Of the hundreds of ETFs Morningstar tracks, so-called core ETFs may have the best long-term prospects.

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These funds - which offer broad, diversified exposure to a specific asset class - "typically have great track records," explains Michael Rawson, a Morningstar fund analyst. Additionally, they're often too big to fail, with assets well in excess of $1 billion. "The best use of ETFs for the average investor is as core portfolio building blocks," Rawson says.

Among the biggest core ETFs is iShares Core S&P 500 (IVV), which was up 10.9% in the first quarter and generated a three-year return of 12.56%. The iShares Core S&P Mid-Cap (IJH) is almost one-tenth the size, but came in with 13.43% return and a 14.95% three-year return - making it the second-best performer for the three-year period among the 20 largest ETFs.



Another core advantage: The price is right. All 10 iShares Core ETFs are offered commission-free at Fidelity; Schwab, which has come out with its own line of core funds, also boasts zero-cost online trade commissions.

Schwab also claims its ETF expenses are lower than its competitors; as an example, expenses for Schwab's U.S. Large-Cap fund (SCHX) come to 0.04%, as opposed to 0.07% for iShare's Core S&P Total U.S. Stock Market (ITOT). "Ideally, you want near zero cost for these funds," Rawson says.

After the core allocations are in place, Rawson says, investors can become more tactical, zeroing in on targeted niche markets to seize momentum opportunities. "Momentum [investing] is based on the premise that securities that have recently outperformed will continue to do so in the short run, and those that have underperformed will continue to lag," fellow Morningstar fund analyst Alex Bryan noted in an April 10 report.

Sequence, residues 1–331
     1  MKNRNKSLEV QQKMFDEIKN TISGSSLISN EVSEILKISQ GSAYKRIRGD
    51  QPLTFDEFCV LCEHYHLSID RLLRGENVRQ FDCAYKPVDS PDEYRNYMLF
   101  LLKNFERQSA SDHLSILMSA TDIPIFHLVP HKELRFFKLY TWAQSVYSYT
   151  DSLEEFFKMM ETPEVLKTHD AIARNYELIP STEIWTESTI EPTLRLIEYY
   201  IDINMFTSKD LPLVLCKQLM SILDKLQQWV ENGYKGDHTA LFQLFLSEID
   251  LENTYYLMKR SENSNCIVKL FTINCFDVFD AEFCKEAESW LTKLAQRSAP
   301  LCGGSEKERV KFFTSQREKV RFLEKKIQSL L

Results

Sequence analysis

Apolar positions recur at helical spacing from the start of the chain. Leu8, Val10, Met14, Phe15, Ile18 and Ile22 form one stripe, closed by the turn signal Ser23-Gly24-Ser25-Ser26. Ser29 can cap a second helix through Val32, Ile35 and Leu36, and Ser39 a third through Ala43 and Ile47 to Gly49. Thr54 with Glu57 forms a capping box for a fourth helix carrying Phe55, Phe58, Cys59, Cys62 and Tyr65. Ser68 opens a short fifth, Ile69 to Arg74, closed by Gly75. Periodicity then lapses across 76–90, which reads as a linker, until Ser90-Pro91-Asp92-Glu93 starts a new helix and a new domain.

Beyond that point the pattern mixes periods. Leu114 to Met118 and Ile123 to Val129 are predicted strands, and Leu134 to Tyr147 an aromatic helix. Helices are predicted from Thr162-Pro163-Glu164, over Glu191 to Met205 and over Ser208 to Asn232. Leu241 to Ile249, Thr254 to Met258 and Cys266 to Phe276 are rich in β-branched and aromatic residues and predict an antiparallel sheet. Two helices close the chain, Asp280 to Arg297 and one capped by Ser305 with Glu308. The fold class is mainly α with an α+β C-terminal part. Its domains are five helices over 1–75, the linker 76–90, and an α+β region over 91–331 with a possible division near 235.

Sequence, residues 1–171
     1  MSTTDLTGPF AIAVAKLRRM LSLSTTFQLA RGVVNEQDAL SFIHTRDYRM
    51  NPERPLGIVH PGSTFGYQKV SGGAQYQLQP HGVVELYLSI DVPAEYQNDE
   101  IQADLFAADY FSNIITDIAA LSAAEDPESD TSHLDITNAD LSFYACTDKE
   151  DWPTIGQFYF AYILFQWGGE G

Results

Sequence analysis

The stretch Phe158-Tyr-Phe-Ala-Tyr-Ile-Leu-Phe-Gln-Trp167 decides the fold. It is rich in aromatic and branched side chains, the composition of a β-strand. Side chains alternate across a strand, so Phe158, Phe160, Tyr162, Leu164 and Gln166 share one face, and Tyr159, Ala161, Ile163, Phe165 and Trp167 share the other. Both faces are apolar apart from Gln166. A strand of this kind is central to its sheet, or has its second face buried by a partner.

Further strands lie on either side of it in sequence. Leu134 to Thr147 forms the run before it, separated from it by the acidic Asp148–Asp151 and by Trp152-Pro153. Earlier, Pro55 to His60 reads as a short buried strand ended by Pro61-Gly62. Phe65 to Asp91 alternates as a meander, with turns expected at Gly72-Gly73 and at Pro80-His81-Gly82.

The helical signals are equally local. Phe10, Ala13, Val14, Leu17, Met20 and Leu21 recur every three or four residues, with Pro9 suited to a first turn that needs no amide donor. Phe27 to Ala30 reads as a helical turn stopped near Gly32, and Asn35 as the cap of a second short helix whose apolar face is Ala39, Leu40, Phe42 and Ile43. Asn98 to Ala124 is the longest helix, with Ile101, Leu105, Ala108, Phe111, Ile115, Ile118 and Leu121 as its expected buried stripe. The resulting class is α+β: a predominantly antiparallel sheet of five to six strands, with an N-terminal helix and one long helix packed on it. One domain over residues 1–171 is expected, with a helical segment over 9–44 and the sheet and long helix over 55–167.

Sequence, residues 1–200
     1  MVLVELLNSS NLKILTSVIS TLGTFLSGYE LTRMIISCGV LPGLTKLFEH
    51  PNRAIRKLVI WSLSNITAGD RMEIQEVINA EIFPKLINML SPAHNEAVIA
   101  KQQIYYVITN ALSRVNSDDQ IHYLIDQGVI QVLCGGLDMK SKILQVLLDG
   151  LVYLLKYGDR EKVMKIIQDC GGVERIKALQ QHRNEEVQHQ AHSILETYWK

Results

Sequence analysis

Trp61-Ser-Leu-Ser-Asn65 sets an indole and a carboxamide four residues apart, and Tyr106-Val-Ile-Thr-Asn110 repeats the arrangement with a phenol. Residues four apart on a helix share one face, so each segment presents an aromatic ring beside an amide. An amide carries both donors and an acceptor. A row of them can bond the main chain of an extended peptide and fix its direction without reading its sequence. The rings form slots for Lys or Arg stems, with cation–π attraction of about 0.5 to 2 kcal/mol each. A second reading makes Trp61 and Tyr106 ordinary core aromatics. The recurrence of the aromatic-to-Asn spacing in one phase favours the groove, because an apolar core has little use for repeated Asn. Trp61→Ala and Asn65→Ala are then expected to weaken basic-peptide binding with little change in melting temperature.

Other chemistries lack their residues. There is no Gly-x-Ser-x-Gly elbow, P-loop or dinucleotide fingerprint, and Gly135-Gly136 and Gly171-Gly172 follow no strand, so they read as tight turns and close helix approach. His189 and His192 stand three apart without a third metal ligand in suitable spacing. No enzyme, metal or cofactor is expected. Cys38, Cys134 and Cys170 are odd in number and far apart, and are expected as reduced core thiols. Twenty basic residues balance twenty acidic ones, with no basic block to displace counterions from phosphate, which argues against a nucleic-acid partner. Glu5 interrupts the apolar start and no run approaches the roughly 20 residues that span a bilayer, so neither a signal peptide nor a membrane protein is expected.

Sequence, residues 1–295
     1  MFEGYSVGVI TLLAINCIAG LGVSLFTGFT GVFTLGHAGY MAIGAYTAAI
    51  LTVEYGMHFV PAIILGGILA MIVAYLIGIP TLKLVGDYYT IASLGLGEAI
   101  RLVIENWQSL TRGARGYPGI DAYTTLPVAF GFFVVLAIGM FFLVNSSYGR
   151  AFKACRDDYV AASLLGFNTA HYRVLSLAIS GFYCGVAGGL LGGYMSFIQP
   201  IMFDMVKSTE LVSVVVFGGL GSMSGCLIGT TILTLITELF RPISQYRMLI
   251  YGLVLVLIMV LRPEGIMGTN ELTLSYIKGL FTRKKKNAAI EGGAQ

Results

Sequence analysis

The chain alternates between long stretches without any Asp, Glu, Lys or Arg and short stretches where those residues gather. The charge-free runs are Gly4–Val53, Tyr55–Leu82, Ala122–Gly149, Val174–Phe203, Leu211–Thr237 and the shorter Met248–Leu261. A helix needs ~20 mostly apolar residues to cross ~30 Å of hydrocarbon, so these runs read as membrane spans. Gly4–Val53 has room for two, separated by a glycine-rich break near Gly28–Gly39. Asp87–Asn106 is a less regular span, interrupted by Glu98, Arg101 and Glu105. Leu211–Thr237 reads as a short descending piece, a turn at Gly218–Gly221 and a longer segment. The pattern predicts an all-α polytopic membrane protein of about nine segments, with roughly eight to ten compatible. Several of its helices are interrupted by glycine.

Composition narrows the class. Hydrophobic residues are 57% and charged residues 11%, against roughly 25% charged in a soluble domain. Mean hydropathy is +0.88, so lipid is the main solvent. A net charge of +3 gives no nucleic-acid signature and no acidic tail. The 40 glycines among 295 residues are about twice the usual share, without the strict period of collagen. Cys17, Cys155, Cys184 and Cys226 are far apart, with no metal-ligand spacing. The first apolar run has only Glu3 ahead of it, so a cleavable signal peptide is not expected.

In Morningstar's most recent ETF analysis, that positive momentum was weighted heavily behind home construction securities. Three of the top-performing U.S. ETF equity funds were home-building investments, led by iShares Dow Jones U.S. Home Construction (ITB), up 13.4% in the first quarter, and 63.38% for the past year.



Conversely, gold issues are now significantly lagging the market. Global X Gold Explorers (GLDX) was the worst-performing gold fund over the last year, down 41.35% for the full year and 24.9% in the first quarter. Not far behind was Global X Pure Gold Miners (GGGG), which dropped 30.62% for the past year and 20.17% year to date.

By another measure of momentum, flow, SPDR Gold Shares (GLD) was one of the biggest losers, with nearly $5 billion in withdrawals in the last three months alone. "Gold redemptions have been very high," Rawson says.

A wild-card momentum standout, Rawson says, is WisdomTree Japan Hedged Equity (DXJ), targeted at investors who want to participate in the Japanese equities market but don't want exposure to changes in the rate between the Japanese yen and the U.S. dollar.

Japanese Prime Minister Shinzo Abe has pushed to weaken the yen, which has made the Japanese stock market far more attractive - so much so that, since mid-November, the Tokyo Stock Price Index has shot up some 50% as of April 16, ending a multiyear slump. Meanwhile, the WisdomTree fund has grown from $522 million in assets at the end of last October to $6.86billion by mid-April.



Laton McCartney is a New York writer who's contributed to Money Management Executive and Information Management.

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